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Volunteers are celebrated at Sage House

VOLUNTEERS at a charity in Tangmere were celebrated when the High Sheriff of West Sussex visited.

 

On Monday, volunteers at Sage House dementia hub enjoyed a special lunch and a thank-you from Caroline Nicholls.

 

During her year as High Sheriff, Mrs Nicholls has been keen to champion those who support and encourage young people in the county to combat disadvantage and fulfil their potential — and to raise awareness of all those who work to protect the county’s communities and keep them safe.

 

During the lunch, Mrs Nicholls, spoke to Chloe Davies and Nafisa Dewan, on a work placement at Sage House for ten weeks as part of their degree. She then gave a speech in which she said: “I am absolutely delighted to be here. I think my first visit to here was probably about two years ago and I came to an empty shell. Now, you actually can see everything and it’s so bright and warm and welcoming.

 

“I was delighted to come back in May, when the Duchess of Wessex came to open the centre, which was really exciting as it was my first royal visit as the High Sheriff.

 

“This place does hold special thoughts because about three years ago my step mother and my father both suffered from dementia-related illnesses. Sadly, they have now both gone.

 

“But I just do so wish there had been somewhere like Sage House where I could have brought them early on and my sister could have come along and got advice with how to cope with something very strange and unusual to us.

 

“From a vision which began around five years ago to this today is absolutely superb. The work which you are all doing as volunteers is very, very special and I know that. Without people like you giving hours of your time, all the things we take for granted, just wouldn’t happen. You should be very proud.”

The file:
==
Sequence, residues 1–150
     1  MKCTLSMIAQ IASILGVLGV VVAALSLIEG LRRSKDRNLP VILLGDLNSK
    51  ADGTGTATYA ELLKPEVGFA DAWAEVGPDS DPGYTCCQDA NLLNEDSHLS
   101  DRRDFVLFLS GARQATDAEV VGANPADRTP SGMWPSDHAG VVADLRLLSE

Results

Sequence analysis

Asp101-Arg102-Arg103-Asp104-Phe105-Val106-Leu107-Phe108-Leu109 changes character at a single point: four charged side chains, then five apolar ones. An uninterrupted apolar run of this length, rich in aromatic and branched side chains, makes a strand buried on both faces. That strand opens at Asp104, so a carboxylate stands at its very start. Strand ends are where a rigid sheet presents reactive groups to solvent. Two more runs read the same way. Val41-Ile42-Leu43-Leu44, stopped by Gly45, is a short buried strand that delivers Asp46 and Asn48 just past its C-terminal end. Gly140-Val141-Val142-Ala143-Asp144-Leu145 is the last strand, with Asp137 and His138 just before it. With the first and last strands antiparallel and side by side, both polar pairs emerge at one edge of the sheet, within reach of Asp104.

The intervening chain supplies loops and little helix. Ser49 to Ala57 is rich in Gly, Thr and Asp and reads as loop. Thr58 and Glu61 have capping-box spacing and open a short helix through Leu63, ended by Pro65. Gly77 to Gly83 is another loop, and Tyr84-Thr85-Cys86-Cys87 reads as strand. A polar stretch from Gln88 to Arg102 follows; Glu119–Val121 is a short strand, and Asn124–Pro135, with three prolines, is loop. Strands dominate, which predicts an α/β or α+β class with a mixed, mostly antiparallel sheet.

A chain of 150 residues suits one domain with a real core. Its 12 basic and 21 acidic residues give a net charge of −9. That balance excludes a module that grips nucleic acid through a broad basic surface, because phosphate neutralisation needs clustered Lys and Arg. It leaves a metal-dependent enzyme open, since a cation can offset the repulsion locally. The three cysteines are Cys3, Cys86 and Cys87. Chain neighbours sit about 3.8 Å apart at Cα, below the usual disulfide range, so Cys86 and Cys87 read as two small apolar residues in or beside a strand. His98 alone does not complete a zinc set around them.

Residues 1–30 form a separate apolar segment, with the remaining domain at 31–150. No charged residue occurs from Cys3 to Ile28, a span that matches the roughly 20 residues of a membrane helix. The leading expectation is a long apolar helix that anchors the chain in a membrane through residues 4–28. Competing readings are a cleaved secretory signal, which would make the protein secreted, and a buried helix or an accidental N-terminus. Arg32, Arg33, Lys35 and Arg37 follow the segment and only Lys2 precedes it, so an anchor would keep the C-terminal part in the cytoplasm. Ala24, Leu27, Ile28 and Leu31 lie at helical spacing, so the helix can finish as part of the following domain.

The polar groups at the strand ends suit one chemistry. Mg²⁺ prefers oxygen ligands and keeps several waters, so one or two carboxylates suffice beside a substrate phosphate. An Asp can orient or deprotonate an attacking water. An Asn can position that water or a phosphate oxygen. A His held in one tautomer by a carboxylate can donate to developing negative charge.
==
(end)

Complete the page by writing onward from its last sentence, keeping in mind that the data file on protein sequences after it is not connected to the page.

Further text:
Dementia Support is a local charity working in partnership with voluntary and charitable organisations, the NHS, West Sussex County Council and other statutory organisations, to create a unique community hub for dementia.

 

The hub is designed to enhance the wellbeing and quality of life for local people living with dementia, their family and carers.

 

Chief executive Sally Tabbner congratulated volunteers for their hard work. She said: “Our chairman of trustees said we have 42 volunteers. What he doesn’t necessarily take into account are our board of trustees as well and there are a further 12 trustees.

 

“We couldn’t do what we do here if it wasn’t for our volunteers. Essentially, they are 50-odd people that we don’t have to recruit and pay for.

 

“From Sage House’s perspective, we are just really lucky.”

 

Michael Turner started volunteering by holding watercolour painting sessions at Sage House from day one. He said: “I really enjoy it. My mother had dementia for the last two years of her life and it was the early stages. Thank God she never forgot who I was, that would have been one of the worst things.

 

“Being here now for so long, I can see the changes in people, but what we do here, they do things with fun, it’s very light-hearted. I enjoy it immensely, I get such enjoyment from it.

 

“You are giving relief to the carers as well, which is so important.”

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